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A panorama shot of the Fairbanks museum showing all three sides of the exhibit created by Dartmouth students

Here at Dartmouth, there's a special category of classes known as Social Impact Practicums (SIPS). I know when I was a prospective student, I hadn't heard of the SIPs program, but it has really impacted my freshman fall, so I thought I would explain!

A graphic showing an reversed image of "The Creation of Adam" with the phrase Deus ex Homo, which means God from man and was the title of my class's exhibit.
This poster was made by one of my classmates and was used around the Upper Valley to advertise our exhibit!
Essentially, a Social Impact Practicums is a class with a real-world project that impacts people outside of the Dartmouth community. These practicums are included in a wide range of subject areas from environmental science to psychology to education studies. My experience took place in an English class called "God, Darwin, and the Literary Imagination" which focused on the discourse surrounding religion and evolutionary theory. Throughout the term, we studied how Darwin's Origin of Species shook up scientific, religious, and political thinking in the Victorian era.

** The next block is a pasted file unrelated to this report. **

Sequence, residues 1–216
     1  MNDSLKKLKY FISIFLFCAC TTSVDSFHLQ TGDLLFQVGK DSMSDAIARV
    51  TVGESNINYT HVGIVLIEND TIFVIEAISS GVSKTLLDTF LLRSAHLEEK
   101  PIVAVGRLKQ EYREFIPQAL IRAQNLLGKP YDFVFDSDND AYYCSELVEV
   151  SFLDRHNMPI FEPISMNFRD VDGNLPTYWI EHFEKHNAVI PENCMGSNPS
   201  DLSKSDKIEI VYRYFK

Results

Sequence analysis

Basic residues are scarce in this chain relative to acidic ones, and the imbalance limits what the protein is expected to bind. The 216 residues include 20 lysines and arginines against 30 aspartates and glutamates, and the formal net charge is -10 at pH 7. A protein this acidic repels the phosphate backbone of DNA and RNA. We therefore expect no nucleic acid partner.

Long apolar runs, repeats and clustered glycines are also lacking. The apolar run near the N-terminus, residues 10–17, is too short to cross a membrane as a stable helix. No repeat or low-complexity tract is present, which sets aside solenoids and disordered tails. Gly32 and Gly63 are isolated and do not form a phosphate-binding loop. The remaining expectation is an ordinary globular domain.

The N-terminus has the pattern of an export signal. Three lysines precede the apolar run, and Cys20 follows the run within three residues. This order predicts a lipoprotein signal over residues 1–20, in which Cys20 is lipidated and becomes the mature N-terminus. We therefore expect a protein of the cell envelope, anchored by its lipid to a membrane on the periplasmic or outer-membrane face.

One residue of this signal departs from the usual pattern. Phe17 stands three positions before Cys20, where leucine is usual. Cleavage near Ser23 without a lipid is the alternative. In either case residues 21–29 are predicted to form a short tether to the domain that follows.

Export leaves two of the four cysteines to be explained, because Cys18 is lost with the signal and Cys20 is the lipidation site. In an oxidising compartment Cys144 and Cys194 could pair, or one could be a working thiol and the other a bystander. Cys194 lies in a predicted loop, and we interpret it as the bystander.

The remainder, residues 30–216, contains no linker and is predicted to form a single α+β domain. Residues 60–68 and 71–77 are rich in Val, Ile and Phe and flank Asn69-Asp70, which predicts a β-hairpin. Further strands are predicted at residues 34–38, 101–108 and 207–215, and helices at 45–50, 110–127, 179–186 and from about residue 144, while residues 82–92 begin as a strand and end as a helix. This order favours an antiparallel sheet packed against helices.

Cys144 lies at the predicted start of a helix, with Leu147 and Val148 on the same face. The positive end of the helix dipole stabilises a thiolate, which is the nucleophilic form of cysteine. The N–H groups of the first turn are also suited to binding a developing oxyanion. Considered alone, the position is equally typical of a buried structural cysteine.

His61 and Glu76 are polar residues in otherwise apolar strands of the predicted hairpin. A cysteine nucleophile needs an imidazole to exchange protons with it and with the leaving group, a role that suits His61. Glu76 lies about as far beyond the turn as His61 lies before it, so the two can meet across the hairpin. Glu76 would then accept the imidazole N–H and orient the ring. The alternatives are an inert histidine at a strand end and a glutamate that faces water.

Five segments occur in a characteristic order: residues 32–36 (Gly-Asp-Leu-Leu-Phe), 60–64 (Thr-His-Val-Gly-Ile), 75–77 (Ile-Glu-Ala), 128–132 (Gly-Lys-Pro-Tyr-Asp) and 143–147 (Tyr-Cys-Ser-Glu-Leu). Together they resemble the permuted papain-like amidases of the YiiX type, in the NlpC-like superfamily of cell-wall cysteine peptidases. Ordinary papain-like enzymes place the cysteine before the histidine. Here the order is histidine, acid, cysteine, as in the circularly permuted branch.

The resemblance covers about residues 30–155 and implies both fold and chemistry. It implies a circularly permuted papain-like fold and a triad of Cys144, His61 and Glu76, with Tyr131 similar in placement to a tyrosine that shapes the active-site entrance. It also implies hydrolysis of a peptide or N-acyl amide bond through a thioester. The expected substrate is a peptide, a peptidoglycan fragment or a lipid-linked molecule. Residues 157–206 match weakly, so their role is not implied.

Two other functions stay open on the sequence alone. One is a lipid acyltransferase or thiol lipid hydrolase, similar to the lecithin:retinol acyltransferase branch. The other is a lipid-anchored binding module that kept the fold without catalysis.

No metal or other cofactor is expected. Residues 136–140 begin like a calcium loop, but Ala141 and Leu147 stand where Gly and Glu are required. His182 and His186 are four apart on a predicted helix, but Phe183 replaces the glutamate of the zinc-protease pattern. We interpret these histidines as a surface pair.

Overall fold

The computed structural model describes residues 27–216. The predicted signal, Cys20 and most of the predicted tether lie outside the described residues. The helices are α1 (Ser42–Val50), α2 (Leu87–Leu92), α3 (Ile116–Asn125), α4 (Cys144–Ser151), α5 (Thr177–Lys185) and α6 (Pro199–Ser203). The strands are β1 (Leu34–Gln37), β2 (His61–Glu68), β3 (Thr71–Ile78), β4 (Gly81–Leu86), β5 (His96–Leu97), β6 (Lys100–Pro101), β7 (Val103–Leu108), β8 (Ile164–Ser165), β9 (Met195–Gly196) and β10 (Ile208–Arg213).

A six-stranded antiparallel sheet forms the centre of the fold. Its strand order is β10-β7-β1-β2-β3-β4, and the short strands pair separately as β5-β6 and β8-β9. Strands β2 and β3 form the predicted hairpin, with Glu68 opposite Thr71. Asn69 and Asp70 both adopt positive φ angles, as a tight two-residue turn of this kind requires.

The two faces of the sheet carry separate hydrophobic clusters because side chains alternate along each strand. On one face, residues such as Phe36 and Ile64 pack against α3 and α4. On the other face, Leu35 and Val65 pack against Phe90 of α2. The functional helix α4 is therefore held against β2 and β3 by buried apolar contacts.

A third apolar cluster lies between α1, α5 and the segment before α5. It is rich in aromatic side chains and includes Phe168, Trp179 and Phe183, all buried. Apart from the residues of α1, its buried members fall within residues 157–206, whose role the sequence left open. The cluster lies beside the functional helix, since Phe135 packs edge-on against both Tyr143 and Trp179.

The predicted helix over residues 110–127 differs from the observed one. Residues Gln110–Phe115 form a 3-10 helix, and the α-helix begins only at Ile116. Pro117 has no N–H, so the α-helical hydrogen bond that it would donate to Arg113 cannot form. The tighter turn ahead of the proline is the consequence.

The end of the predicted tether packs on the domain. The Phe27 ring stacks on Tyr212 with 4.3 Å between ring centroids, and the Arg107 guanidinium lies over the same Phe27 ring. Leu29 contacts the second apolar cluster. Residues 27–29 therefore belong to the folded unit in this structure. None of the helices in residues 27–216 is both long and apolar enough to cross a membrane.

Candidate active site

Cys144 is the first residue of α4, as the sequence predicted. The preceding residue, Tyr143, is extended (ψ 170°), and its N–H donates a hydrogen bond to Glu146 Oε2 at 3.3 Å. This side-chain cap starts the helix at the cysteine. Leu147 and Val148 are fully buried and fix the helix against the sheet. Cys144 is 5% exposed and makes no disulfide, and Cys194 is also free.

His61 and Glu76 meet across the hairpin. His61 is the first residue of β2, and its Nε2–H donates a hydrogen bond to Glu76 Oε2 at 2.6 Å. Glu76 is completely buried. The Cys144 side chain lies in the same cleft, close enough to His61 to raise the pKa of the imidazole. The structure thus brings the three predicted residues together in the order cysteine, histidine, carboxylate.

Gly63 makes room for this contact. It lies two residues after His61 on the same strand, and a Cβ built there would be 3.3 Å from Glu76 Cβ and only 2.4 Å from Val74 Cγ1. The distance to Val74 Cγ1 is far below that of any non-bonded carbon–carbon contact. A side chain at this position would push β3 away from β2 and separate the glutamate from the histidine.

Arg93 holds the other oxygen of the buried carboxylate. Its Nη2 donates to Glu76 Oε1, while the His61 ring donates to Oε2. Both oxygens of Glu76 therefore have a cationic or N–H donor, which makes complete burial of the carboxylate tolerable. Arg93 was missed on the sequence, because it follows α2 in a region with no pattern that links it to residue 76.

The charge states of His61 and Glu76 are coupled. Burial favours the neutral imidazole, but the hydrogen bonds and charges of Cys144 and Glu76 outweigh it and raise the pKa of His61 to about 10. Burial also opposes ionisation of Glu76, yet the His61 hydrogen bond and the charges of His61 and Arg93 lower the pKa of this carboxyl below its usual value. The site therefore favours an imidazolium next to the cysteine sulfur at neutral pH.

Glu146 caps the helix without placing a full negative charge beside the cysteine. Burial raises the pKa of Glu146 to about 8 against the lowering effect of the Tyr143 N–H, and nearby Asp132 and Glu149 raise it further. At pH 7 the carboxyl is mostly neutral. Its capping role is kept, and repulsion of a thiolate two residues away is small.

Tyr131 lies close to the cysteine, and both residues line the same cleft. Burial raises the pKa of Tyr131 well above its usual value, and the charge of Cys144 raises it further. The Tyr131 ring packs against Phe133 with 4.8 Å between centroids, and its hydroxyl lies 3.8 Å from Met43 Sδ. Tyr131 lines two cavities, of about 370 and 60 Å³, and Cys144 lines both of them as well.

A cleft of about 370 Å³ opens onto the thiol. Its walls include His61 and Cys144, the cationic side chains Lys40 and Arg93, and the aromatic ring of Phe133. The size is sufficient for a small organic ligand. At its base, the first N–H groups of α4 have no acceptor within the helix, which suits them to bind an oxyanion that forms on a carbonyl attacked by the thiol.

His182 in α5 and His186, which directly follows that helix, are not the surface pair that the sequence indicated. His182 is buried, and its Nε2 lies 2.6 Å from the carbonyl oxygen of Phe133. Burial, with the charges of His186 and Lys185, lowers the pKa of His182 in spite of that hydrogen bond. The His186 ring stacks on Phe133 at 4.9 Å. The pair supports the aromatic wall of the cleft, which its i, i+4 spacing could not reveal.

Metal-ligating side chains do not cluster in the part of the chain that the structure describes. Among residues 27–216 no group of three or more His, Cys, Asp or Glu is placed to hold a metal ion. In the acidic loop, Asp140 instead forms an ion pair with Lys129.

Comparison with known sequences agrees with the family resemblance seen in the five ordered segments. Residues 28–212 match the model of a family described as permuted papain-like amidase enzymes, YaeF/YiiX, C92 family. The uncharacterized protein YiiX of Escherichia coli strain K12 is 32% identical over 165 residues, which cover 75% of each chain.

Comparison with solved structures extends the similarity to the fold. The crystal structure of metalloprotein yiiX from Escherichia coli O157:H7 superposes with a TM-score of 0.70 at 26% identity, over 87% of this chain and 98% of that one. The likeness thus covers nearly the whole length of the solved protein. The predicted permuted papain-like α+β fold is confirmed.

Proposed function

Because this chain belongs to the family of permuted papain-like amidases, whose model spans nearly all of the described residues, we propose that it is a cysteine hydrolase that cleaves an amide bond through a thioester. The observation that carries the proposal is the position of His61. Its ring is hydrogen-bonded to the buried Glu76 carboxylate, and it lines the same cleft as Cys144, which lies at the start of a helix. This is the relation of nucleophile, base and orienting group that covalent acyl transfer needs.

Abbi posing with her poster on display at the Fairbanks. The title of the poster is "How We Understand the Origins of the World"
This is my portion of the exhibit! Lots of Excel tutorials involved in the making of this poster!
The social impact aspect of the course was a final project that brought what we learned in class to an exhibit at the Fairbanks Natural History Museum, in St. Johnsbury, Vermont. While reading and analyzing different points of view surrounding creationism and evolution, the social impact aspect of the course pushed me to constantly think about how the ideas could be translated into a modern dialogue. I think the Social Impact Practicum part of the class was super helpful to my learning because it grounded all of our discussions and readings in real world conversations.

A picture taken from behind of 3 people observing the Fairbanks exhibits
This was taken as my classmates and I explored each others' work in the museum!

As I mentioned, the SIPs part of "God, Darwin, and the Literary Imagination" involved each student in the class making a contribution to a larger exhibit at the Fairbanks Museum. I choose to focus on the relationship between childhood learning and beliefs about science and religion. My favorite thing about the project was that the topic was completely my own, and everyone in the class could work with a medium and topic that interested them. For example, my project was based on a survey and statistical analysis, but I also had friends who created paintings, sculptures, research posters, and even a hanging Ferris wheel! So, you're interested in creating a project based on your interests and leaving an impact on the world around you, I encourage you to check out Dartmouth's Social Impact Practicums! Also, if you're interested in learning more about the God and Darwin exhibit, click here for a video from when the class was offered two years ago!

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